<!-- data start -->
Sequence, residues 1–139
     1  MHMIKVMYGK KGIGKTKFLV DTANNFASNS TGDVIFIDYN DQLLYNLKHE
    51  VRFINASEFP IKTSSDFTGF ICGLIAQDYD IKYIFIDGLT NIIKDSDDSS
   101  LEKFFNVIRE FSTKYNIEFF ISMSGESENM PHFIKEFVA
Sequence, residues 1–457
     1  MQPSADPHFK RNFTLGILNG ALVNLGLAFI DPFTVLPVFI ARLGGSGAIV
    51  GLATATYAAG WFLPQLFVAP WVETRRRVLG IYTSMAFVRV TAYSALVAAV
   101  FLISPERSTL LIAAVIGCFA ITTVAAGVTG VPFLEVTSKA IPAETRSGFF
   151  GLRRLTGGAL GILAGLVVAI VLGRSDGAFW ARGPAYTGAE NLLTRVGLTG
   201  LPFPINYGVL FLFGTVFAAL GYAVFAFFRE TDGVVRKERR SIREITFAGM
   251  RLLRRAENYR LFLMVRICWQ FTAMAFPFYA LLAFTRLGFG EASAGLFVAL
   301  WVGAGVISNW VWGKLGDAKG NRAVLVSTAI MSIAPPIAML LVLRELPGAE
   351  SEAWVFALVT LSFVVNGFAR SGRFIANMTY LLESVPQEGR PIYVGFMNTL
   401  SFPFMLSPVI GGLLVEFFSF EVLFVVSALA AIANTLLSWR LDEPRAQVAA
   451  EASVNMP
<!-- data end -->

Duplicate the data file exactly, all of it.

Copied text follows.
Sequence, residues 1–139
     1  MHMIKVMYGK KGIGKTKFLV DTANNFASNS TGDVIFIDYN DQLLYNLKHE
    51  VRFINASEFP IKTSSDFTGF ICGLIAQDYD IKYIFIDGLT NIIKDSDDSS
   101  LEKFFNVIRE FSTKYNIEFF ISMSGESENM PHFIKEFVA
Sequence, residues 1–457
     1  MQPSADPHFK RNFTLGILNG ALVNLGLAFI DPFTVLPVFI ARLGGSGAIV
    51  GLATATYAAG WFLPQLFVAP WVETRRRVLG IYTSMAFVRV TAYSALVAAV
   101  FLISPERSTL LIAAVIGCFA ITTVAAGVTG VPFLEVTSKA IPAETRSGFF
   151  GLRRLTGGAL GILAGLVVAI VLGRSDGAFW ARGPAYTGAE NLLTRVGLTG
   201  LPFPINYGVL FLFGTVFAAL GYAVFAFFRE TDGVVRKERR SIREITFAGM
   251  RLLRRAENYR LFLMVRICWQ FTAMAFPFYA LLAFTRLGFG EASAGLFVAL
   301  WVGAGVISNW VWGKLGDAKG NRAVLVSTAI MSIAPPIAML LVLRELPGAE
   351  SEAWVFALVT LSFVVNGFAR SGRFIANMTY LLESVPQEGR PIYVGFMNTL
   401  SFPFMLSPVI GGLLVEFFSF EVLFVVSALA AIANTLLSWR LDEPRAQVAA
   451  EASVNMP